Postoperative delirium is common after hip fracture surgery, and its frequency has been reported to range from 35% to 65% of cases (Marcantonio et al. 2001). It is frequently associated with pre-existing cognitive impairment and is highly predictive of functional decline, need for institutionalization and increased mortality (Marcantonio et al. 2001, Liang et al. 2014, ESA 2017). Bellelli et al. (2014) provided new evidence for the importance of persistent delirium as a risk factor for mortality in elderly adults with hip fracture. In particular, each day of delirium increased the risk of death within six months by 17%. Previous studies reported that post-operative delirium was partially avoidable, with a 30% risk reduction when using a specialized geriatric intervention (Marcantonio et al. 2001, Deschodt et al. 2012). In 2016, The European Society of Anaesthesiology issued a guideline on postoperative delirium prevention and treatment (see Chapters 13 and 39).
One or more postoperative falls occur in 1.6% of surgical inpatients and can lead to significant morbidity. Recognition of fall risk factors is required for postoperative fall prevention programs, by identifying patients at highest risk for postoperative falls (Church et al. 2011). Oliver et al. (2004) pooled data from 13 studies evaluating falls in hospitalized patients. Significant risk factors identified for hospitalized falls included gait instability, lower limb weakness, urinary incontinence, history of previous falls, delirium, and the prescription of drugs like sedatives and hypnotics. Moreover, the number of falls and the time elapsed to the first fall can be reduced during inhospital rehabilitation after a femoral neck fracture (Stenvall et al. 2007). The successful reduction in number of falls in this study could be a result of the active prevention, detection and treatment of postoperative complications after surgery, including other GSs, especially delirium.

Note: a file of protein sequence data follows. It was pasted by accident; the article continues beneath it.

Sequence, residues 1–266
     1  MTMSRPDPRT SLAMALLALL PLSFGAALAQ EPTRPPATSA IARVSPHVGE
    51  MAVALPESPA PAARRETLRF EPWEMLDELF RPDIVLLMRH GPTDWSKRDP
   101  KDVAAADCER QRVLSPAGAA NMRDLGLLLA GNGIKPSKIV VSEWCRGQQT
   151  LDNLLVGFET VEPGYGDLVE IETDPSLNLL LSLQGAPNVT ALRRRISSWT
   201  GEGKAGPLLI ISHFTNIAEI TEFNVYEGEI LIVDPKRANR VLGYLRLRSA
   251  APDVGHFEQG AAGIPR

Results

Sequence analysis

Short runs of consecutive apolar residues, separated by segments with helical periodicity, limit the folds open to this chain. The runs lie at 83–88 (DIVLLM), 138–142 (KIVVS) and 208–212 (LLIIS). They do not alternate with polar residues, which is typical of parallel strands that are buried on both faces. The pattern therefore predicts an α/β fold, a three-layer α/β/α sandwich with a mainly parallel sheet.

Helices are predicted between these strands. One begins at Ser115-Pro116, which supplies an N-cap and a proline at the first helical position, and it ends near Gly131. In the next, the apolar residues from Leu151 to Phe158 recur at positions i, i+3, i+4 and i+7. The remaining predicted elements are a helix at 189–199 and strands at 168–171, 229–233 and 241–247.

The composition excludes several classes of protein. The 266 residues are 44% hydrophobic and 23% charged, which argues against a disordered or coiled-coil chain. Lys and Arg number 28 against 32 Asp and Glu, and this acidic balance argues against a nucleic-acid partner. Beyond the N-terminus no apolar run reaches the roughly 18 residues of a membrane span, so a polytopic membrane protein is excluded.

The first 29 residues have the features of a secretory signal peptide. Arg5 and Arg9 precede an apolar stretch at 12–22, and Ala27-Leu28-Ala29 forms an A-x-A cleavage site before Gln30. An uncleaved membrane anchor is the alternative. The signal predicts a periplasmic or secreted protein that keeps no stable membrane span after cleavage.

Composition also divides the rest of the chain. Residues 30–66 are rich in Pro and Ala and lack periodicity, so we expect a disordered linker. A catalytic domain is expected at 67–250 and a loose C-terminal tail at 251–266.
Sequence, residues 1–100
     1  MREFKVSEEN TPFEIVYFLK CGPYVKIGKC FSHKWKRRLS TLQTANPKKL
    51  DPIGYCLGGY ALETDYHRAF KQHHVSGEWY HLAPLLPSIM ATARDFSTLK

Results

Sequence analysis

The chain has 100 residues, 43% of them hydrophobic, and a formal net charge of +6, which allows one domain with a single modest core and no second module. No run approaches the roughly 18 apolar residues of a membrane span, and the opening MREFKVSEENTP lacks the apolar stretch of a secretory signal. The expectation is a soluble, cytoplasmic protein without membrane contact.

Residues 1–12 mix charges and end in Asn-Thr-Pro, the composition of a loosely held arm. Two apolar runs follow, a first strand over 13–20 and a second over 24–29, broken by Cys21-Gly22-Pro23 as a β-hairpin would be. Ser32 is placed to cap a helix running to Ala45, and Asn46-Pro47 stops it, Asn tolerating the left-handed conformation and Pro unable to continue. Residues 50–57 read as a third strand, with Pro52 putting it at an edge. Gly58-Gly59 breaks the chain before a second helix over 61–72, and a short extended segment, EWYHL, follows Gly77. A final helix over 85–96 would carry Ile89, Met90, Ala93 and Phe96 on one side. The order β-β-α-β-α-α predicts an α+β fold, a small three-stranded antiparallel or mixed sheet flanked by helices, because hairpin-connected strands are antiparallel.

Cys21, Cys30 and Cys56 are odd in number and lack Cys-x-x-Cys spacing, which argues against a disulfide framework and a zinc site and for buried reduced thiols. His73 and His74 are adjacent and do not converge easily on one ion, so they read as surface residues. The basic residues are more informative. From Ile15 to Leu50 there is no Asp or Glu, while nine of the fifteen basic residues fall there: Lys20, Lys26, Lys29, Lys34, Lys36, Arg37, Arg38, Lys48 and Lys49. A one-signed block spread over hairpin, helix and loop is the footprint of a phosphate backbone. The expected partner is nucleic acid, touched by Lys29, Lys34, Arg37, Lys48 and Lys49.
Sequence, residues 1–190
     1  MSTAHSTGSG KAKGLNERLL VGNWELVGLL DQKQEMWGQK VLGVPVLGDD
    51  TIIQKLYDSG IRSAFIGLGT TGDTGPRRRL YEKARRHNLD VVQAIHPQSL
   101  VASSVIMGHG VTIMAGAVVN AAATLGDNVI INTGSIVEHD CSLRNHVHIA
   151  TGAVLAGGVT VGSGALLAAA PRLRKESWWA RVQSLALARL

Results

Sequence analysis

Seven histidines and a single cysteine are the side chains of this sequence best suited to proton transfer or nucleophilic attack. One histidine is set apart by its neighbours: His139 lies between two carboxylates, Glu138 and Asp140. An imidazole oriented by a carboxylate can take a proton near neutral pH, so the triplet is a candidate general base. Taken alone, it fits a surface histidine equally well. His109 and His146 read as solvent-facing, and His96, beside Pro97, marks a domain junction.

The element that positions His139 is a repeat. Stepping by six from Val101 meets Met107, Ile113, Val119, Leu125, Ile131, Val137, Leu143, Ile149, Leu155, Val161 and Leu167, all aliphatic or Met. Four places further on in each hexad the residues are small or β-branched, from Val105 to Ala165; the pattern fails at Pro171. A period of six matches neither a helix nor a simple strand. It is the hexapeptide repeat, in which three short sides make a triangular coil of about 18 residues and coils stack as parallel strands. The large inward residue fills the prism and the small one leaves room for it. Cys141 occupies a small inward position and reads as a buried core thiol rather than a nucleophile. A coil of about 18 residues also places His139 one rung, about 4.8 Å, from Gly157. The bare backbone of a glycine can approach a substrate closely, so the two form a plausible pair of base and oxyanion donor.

UI is a risk factor for falls and hip fractures (Oliver et al. 2004, Foley et al. 2011). A urinary indwelling catheter (UIC) should be removed within 24 hours after surgery, with the aim of reducing its occurrence. Patients with prolonged UI are more prone to develop delirium and urinary tract infection (Sørbye and Grue 2012).
Patients with preoperative PU are at higher risk for postoperative adverse outcomes, including septicemia, pneumonia, stroke, urinary tract infection and acute renal failure. Surgical patients with PU were found to have approximately a 1.83-fold risk of 30-day postoperative mortality, compared with a control group (Chou et al. 2015).